On the eve of returning to the airwaves after his recovery from a head injury, ABC Radio Melbourne breakfast presenter Red Symons pens a letter to his listeners.
On July 5, I was shopping in the city with a 12-year-old friend.
We’d set out to buy strawberries and kale and a plush blanket, but that’s about all I can tell you.
My friend says that I paused, pressed my palm against a wall, closed my eyes and fell to the ground.
At first my friend interpreted this as a vaudevillian prank, but when I failed to open my eyes she asked a passer-by to call an ambulance.
The next thing I remember is a few days later and I’m in a hospital bed (with a strange plush blanket) surrounded by my family and friends.
They looked desperate and bleary-eyed.
This didn’t worry me — having slept through the doctors’ discussions of worst-case scenarios, my belief in my immortality had persisted unchallenged.
In the following weeks of recovery I have given some thought to my delusions of invulnerability — it wasn’t until I was well that I realised I’d been sick.
The neuropsychologist assessed me as largely unimpaired as regards intelligence and cognition, but noted some areas where I was — horror — average.
A friend with a psychoanalytic bent asked what I was thinking in the moments, the hours, the days before I fell.
I laughed out loud at the notion that concussing myself might be considered a lateral solution to some subconscious dilemma.
I apologised for laughing and volunteered that I was perfectly happy and filled with vigour when I fell.
The fundamental question for the doctors remained — “Why did he faint?”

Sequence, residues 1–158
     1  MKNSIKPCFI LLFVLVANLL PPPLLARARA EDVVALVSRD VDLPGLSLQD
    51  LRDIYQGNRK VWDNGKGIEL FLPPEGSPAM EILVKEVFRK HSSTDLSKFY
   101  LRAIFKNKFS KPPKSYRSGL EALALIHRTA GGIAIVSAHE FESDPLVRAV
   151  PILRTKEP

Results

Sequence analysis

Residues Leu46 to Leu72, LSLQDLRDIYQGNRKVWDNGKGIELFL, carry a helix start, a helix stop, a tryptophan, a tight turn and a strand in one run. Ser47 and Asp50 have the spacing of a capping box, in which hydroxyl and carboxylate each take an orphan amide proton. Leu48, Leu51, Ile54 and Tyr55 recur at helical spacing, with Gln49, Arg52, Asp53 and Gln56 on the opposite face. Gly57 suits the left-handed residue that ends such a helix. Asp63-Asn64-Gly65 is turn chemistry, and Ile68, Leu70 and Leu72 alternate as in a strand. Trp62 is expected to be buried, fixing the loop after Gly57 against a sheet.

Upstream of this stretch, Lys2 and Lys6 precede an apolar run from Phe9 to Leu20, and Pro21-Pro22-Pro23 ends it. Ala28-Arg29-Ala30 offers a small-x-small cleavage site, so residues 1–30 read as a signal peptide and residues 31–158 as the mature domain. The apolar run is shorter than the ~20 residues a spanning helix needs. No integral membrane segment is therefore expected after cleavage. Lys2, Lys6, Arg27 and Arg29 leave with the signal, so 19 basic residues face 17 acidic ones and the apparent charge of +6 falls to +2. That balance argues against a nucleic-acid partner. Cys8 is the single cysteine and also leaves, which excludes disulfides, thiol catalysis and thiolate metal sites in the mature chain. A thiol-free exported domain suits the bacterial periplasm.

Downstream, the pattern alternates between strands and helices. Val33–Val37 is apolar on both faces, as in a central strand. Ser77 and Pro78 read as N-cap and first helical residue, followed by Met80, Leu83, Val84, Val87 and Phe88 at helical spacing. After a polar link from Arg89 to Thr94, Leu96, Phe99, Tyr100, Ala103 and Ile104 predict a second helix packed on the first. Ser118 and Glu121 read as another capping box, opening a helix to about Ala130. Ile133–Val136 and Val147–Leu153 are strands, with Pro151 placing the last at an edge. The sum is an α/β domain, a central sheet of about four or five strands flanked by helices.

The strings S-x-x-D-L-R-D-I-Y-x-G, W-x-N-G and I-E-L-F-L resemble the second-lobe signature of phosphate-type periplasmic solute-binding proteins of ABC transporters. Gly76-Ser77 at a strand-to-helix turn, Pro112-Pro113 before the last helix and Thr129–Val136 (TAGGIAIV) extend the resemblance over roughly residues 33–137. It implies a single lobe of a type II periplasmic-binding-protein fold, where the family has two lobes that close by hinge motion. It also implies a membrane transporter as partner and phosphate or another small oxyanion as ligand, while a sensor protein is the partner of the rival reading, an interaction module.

I have wryly observed that there is no better place in the world than Melbourne, Victoria, Australia to become unwell.
As a matter of standard procedure, and in the public hospital system, I received the attention of four professors, all expert in their specialties.
And with their collective centuries of experience they were all in agreement:
“We’re not sure.”
I was initially fatigued and, a week later, remained fatigued.
I wondered how much of this lack of volition could be blamed on the hospital.
It’s a curious experience to sleep for 10 hours a day, to lie on a single bed watching television for another six or eight, whilst being served meals and cups of tea.
Real life is full of minor busyness that defends against this sort of torpor.
As a man who has swum every day for more than a year, lying about in a particular kind of luxury was debilitating.
The lack of purpose left me agitated.
Surprisingly, certain sections of the hospital specialise in minimising stimulus. All is quiet and uneventful.
I took day leave to a local shopping mall to pay a bill and was overwhelmed with the demand for attention: Look at me! Consume me! Buy me!
We all constantly filter and discard these incessant demands, but after a period of institutionalisation each stimulus had to be noted and discarded in turn.
Doing well in the world
My final hospital room looked out over the back of a strip of shops.
I could see distant trains and the tops of trams but almost no sign of human life, except for the occasional smoker hovering on a balcony. The outside of the window, three floors up, had not been cleaned for some years.
I slept when the sun went down and woke before dawn, the way people slept for the millennia before electric lights.
I devoted my time to rehabilitative endeavours — physiotherapy, neuropsychology, occupational therapy — and prepared myself for a return to the world. I started going home for the weekends but was disinclined to go out.
Back in the hospital, each night at dusk two birds, Indian mynas I think, flew up to my level and shuffled, one then the other, into a corner shielded by pipes.
They had made their nest there, a nest they returned to after a day of adventure. They seemed to be doing well in the world.
Finally, the doctors were done with me. I was rehabilitated.
I had fallen, for no particular reason, lost a week or two, hunkered down for a few more. And now I could fly home.
And tomorrow I’ll be back at work.